my latest assignment: a new series in ‘the new york times’

AN OUT-OF-THE-BLUE email in April shook me out of my “new normal” routine. It was an invitation from a “New York Times” editor to create a series of how-to garden articles for their readers who are finding themselves at home, in spring, and maybe could use the kind of information you come to my newsletter and my website and podcast for.

The first installment appeared April 20, with columns on Tuesdays and Fridays for the first month, and then went to once-weekly on Wednesdays, starting May 20, through late August; and monthly in late fall-early winter. We’ll ramp back up to weekly as we head to spring 2021. The topics so far:

I thought you’d like to know—and maybe spread the word. I’m flattered to be asked, of course, but most of all, I’m pleased that a media outlet as widely read as “The New York Times” understood that the garden is a place of refuge—but can also be a little daunting!—and committed to offer their readers support right now.

The more happy garden moments that happen around the homebound nation, and world, the better I figure.

I’m also pleased for awhile at least that I get to write again for the place of my start as a journalist all those years ago. A mini-homecoming.

Go say hello; if you are a subscriber or haven’t used your quota of free articles this month, you should be able to click through. Comments are open to subscribers, who are even invited to ask questions. Uh-oh, I guess I know what I’ll be doing today …

Frog with headphones
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  1. Do you have kindly invited us to do this but Patricia Bleecker says:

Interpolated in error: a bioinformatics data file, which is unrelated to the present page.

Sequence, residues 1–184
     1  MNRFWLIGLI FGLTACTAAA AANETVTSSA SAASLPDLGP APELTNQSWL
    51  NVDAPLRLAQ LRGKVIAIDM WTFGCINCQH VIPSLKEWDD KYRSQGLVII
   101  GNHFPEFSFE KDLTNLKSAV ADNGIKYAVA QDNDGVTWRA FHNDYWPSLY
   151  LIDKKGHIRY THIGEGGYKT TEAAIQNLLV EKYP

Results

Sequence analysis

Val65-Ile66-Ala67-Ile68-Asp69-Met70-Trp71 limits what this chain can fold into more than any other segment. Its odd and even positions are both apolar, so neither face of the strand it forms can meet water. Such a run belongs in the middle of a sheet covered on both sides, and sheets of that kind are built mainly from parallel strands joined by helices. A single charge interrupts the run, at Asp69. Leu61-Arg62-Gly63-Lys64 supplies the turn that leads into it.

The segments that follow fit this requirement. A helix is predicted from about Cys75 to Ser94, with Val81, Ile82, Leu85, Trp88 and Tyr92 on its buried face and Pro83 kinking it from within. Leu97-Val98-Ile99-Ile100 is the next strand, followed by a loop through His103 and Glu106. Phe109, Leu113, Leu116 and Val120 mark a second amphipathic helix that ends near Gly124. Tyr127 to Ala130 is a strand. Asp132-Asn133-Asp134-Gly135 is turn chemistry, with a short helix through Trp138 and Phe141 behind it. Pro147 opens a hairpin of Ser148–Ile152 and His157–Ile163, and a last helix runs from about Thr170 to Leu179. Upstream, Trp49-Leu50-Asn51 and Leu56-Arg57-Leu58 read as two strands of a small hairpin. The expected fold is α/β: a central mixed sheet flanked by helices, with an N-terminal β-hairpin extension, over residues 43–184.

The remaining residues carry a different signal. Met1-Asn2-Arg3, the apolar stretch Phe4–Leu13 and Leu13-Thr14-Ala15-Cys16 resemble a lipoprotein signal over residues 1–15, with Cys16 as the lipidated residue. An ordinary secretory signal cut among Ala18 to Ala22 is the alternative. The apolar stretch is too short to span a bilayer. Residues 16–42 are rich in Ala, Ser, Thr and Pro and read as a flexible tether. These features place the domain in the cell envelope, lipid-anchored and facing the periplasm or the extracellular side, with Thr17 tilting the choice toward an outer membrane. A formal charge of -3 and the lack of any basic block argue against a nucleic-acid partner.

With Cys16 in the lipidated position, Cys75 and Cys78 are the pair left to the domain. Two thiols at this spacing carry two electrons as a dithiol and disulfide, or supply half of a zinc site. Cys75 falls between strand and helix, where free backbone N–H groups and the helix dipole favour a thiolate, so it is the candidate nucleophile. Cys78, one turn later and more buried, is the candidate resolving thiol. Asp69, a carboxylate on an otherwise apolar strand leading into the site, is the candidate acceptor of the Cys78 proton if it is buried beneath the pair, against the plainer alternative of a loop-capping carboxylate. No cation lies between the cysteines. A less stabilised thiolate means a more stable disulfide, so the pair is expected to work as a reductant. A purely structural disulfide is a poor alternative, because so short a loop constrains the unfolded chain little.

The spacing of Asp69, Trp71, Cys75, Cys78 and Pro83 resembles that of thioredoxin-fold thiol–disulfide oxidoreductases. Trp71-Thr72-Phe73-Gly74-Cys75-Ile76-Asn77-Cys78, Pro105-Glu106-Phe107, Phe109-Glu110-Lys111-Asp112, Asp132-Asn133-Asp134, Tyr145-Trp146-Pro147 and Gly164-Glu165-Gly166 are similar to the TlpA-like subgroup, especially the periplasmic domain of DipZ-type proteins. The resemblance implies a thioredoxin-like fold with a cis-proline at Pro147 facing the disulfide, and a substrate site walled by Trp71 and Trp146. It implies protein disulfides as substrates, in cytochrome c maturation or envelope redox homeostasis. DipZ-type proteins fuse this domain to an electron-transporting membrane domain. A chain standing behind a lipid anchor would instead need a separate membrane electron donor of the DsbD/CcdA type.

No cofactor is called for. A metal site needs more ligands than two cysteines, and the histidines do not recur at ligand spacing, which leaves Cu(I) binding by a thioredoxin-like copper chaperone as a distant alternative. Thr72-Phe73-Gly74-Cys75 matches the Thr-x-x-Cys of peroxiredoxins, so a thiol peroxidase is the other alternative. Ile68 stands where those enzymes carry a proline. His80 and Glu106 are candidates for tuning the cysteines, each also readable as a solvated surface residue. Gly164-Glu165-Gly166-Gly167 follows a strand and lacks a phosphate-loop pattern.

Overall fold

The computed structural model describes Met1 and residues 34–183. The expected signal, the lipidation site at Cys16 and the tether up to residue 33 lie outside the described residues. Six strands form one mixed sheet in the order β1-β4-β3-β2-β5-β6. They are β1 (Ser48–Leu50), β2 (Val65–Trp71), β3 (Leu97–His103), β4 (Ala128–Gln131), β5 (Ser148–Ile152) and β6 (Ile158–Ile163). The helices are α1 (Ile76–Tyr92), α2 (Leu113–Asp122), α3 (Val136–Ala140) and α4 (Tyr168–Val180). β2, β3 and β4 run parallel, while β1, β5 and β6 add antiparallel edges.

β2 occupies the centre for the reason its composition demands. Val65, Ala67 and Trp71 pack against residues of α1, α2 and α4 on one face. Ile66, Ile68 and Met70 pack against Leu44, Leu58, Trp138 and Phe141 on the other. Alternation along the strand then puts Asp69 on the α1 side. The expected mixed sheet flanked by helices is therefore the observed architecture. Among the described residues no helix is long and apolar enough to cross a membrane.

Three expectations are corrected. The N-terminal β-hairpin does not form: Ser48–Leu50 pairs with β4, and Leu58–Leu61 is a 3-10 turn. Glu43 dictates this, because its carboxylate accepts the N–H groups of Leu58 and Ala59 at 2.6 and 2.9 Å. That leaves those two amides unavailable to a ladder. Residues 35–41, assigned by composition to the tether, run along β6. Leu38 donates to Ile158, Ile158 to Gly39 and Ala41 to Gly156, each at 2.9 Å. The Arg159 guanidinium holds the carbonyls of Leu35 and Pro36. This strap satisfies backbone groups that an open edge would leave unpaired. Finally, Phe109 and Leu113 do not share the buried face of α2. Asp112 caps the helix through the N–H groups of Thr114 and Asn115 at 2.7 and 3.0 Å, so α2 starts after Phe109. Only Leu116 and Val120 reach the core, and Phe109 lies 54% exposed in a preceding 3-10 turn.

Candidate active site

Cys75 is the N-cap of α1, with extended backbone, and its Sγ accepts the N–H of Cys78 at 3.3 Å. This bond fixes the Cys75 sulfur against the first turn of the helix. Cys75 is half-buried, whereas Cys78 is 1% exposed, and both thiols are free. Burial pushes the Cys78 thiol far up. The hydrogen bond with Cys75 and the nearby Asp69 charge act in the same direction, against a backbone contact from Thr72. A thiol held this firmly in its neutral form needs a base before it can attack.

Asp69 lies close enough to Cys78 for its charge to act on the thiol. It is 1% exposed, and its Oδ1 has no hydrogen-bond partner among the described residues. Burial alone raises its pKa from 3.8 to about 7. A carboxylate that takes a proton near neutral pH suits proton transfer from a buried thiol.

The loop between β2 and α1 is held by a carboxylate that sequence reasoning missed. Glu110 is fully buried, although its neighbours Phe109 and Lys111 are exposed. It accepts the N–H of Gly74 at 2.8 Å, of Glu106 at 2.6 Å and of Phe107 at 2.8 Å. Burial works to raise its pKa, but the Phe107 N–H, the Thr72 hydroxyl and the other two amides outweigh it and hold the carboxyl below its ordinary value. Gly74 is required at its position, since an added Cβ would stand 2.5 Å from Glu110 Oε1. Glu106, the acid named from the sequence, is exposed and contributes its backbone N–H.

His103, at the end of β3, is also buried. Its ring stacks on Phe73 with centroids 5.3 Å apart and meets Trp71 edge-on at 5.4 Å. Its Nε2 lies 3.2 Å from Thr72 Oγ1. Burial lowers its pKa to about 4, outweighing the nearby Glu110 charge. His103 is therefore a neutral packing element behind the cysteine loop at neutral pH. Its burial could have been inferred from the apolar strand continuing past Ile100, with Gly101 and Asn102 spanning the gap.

Please tell me how to ask an important gardening question
    Do you have kindly invited us to do this but I don’t know how thank you kindly

  2. Michele Faison says:

    Hi Margaret,

    How do I open one of your NYT columns listed? I’d like to read the one on compost.


    Michele Faison

  3. Debbie Zink says:

    I am a little old fashion and would love to have a book of your NY times articles. Any chance you are thinking of putting them in book form? I totally have enjoyed the journey with you through this interesting year. Thanks for you information and comfort.

    1. margaret says:

      Hi, Debbie. The rights to do that would be in the hands of the paper…and I don’t that that’s their kind of thing. : )

  4. Paul says:

    This is so useful, thanks Margaret. We’ve just started a new garden project and your post about the easier way to make a garden bed was very inspiring. We use old recycled railway sleepers which work really well for raised beds.

  5. sally mills says:

    re seed catalogs: dont forget to promote Baker Creek in missouri, family-run and

    No Postage . wonderful heirloom varieties in many plants

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